Gardening friends

“Neonicotinoids are a group of insecticides that are used widely on farms, as well as around our homes, schools, and city landscapes. Used to protect against sap-sucking and leaf-chewing insects, neonicotinoids are systemic, which means they are absorbed by the plant tissues and expressed in all parts, including nectar and pollen. Unfortunately, bees, butterflies, and other flower-visiting insects are harmed by the residues. Extremely concerning is the prolific inclusion of these insecticides in home garden products. Home garden products containing neonicotinoids can legally be applied in far greater concentrations in gardens than they can be on farms – sometimes at concentrations as much as 120 times as great which increases the risk to pollinators. As a gardener, you have an unique opportunity to help protect pollinators by avoiding the use of these insecticides, asking your local nursery or garden center if plants have been treated with neonicotinoids, and encouraging your city or park district to use alternatives to neonicotinoids on plants that are visited by bees or are bee-pollinated.”


2 thoughts on “Gardening friends

  1. Thanks for sharing this great info Sara. As an agriculture teacher who produces greenhouse plants, I recognize the challenge to produce healthy plants that meet customer quality criteria but are environmentally friendly to our pollinators. In our school greenhouse we have been able to avoid use of neonicotinoids and other harmful insecticides on our spring crops by following a cultural control that a commercial grower recommended a couple of years ago. We keep the air circulating via fans and vents and the temperatures as low as possible but that keep plants at acceptable growth levels (although it can slow growth and delay flowering). This practice provides unfavorable conditions for most insects and we adjust watering practices to avoid disease growth from overly damp conditions. People with hobby greenhouses or areas in their houses that they can provide conditions like this can try this practice as well. And kudos to all the garden centers and growers able to produce plants without such harmful insecticides!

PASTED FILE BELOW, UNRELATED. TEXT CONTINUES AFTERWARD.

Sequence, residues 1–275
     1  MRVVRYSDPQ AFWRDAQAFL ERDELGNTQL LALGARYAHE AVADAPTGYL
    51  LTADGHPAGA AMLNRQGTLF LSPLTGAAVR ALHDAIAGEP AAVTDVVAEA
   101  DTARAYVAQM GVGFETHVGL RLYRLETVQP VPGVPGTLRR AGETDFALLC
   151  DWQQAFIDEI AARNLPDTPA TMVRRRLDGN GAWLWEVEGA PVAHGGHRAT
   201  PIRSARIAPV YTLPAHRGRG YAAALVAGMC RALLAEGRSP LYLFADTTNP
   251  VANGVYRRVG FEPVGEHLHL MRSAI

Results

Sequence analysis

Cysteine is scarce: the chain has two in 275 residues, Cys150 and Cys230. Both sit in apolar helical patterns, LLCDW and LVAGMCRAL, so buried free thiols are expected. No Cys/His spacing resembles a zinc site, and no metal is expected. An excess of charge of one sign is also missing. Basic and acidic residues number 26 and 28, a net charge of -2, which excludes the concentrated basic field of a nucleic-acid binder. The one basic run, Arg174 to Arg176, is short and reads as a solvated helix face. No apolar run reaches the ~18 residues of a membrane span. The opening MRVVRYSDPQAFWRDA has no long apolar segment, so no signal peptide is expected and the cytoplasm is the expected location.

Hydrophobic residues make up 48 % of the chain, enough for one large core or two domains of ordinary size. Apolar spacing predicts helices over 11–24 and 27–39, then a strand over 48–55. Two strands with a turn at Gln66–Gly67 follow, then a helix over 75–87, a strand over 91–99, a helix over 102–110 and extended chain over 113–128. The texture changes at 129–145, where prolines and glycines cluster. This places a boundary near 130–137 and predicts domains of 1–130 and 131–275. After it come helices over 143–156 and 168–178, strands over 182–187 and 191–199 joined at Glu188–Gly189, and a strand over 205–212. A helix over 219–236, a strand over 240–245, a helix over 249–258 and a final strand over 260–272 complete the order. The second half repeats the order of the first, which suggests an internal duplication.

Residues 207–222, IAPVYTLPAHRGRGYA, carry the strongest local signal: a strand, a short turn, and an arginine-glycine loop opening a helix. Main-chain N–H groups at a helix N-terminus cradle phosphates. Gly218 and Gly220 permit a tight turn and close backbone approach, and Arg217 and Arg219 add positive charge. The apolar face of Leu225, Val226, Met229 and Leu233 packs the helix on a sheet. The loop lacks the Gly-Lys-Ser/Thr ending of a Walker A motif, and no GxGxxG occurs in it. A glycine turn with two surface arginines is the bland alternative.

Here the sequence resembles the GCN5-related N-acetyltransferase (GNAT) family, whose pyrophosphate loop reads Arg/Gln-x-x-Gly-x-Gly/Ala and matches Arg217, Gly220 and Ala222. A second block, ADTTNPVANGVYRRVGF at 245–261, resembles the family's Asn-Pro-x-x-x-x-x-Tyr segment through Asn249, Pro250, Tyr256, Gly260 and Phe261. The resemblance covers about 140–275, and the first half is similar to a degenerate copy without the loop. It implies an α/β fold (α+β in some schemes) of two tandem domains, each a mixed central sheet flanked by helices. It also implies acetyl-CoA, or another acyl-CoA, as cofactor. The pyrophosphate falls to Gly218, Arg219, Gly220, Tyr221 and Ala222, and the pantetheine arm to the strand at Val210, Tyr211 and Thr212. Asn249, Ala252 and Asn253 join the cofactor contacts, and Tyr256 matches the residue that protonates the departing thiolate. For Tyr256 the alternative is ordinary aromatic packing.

Bees help pollinate such things as cucumbers and squash in the home garden as well, so it is wise to protect pollinators. Instead of having a pristine turfgrass lawn last year (I don’t have a homeowner association to answer to) through the use of insecticides, I just let the clover grow. The result was lots of honey bees on the clover…and a generous crop of cucumbers and cantaloupe in my tiny suburban garden. I’d like to think the bees contributed to this!
    Yes, I say save the bees and maybe change (even slightly) our threshold of acceptance of insects and damage in our gardens and couple it with using non-toxic substances that deter the bad bugs but protect the pollinators. Our food supply depends on them.

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